As part of a yearlong collaborative project, theatrical producer Beth Marshall commissioned a series of short plays exploring the larger societal issues that made the killing of Trayvon Martin possible – from Stand Your Ground laws to 21st-century parenting to that old shibboleth, race-based fear. The five playlets range from an introspective lament by a mother to a history of Sanford à la Our Town to a Twilight Zone-ish Senate hearing set in the near future. Actors are a mix of accomplished locals and young first-timers discovered via audition, under the direction of Marshall, John DiDonna and Paul Castaneda. Expect to feel a lot of feelings. Maybe bring some Kleenex. 7:30 p.m. Friday-Saturday, 2 p.m. Sunday; Valencia College East Campus, 701 N. Econlockhatchee Trail; $20; 407-299-5000; bethmarshallpresents.com
Orlando Philharmonic: Cirque de la Symphonie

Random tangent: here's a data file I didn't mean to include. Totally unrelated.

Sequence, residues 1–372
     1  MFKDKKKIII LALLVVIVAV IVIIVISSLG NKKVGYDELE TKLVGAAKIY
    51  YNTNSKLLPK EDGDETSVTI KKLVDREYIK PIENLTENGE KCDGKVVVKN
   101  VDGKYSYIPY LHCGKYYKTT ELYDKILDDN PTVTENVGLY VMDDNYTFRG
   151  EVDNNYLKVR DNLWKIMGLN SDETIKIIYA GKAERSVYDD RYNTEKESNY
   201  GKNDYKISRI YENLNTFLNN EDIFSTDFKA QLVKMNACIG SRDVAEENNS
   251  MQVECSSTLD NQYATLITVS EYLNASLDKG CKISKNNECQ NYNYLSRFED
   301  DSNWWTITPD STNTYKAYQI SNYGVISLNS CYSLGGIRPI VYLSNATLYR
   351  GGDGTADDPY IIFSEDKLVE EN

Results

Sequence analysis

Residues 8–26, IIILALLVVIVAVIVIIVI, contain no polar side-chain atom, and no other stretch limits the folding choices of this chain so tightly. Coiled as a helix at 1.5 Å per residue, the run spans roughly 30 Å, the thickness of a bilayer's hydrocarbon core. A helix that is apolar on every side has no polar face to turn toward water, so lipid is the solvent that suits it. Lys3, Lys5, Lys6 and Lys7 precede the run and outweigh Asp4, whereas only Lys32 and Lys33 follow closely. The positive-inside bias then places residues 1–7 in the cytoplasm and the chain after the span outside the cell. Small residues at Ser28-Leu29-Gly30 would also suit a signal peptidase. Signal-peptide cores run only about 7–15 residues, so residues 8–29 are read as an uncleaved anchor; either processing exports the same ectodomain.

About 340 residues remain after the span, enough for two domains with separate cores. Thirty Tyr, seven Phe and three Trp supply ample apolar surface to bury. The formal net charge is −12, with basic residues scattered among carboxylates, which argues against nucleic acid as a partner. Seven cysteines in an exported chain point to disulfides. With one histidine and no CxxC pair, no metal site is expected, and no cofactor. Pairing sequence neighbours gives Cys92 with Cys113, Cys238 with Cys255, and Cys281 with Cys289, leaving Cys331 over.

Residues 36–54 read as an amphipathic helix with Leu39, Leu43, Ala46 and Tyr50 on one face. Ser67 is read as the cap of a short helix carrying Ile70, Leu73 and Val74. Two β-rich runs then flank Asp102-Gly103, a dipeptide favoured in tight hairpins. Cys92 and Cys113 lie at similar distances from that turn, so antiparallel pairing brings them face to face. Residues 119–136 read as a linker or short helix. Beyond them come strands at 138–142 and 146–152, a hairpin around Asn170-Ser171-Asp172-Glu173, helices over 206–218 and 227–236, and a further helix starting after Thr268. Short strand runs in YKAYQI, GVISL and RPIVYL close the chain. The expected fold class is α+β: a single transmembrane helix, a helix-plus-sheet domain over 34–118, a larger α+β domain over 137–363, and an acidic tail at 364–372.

We would have made the Phil’s 2014-15 opening night our pick (music director contender Alondra de la Parra conducting Mahler, Mozart and a piece by Arturo Marquez), but that happened the week before this guide went to press. So we might as well bow to the popularity and sheer Spectacular-Spectacular!-ness of Cirque de la Symphonie, in which Cirque performers fly, juggle and contort perilously above and around the Philharmonic Orchestra. It’s the Phil’s biggest annual seller for a reason, and if it gets people to thrill to classical music, we’re all for it. 2 p.m., 8 p.m. Saturday; Bob Carr Performing Arts Centre, 401 W. Livingston St.; $31-$71; 407-849-2020; orlandophil.org
Orlando Ballet: Peter and the Wolf
Sure, it’s a little weird for us to be singling out a “family” ballet as our Fall Guide pick, but Sergei Prokofiev’s score is irresistibly nostalgic, and – sorry, Vampire’s Ball – we aren’t so into vampires these days. (Picking a wolf over a neck-biter: I guess that makes us Team Jacob.) We’ll be all over Robert Hill’s newly choreographed Coppélia come May, but in the meantime, we look forward to a Wes Anderson-esque good time, what with Prokofiev’s symphonic story-weaving and Orlando Ballet’s fantastic costumes and sets. And dancers, of course. 11 a.m. Saturday; Bob Carr Performing Arts Centre, 401 W. Livingston St.; $28-$37.50; 407-426-1739; orlandoballet.org